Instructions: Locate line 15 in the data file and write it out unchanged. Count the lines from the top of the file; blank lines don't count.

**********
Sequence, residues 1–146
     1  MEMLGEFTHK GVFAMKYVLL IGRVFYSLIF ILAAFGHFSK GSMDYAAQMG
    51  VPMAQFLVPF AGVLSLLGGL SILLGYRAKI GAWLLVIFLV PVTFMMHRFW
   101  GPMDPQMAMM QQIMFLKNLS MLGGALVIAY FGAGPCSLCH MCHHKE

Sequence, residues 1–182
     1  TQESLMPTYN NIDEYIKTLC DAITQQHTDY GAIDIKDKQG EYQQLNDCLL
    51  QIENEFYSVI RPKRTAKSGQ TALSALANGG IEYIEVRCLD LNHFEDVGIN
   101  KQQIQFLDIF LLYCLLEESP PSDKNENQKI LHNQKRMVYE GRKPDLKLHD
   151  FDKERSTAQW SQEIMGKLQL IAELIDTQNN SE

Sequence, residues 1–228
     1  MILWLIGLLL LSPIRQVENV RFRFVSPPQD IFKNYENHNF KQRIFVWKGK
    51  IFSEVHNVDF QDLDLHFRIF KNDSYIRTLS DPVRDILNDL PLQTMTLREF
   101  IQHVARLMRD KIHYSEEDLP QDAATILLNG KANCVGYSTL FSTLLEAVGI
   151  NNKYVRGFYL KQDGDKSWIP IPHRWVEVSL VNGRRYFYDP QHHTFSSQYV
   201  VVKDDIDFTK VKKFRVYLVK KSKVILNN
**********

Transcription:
   201  VVKDDIDFTK VKKFRVYLVK KSKVILNN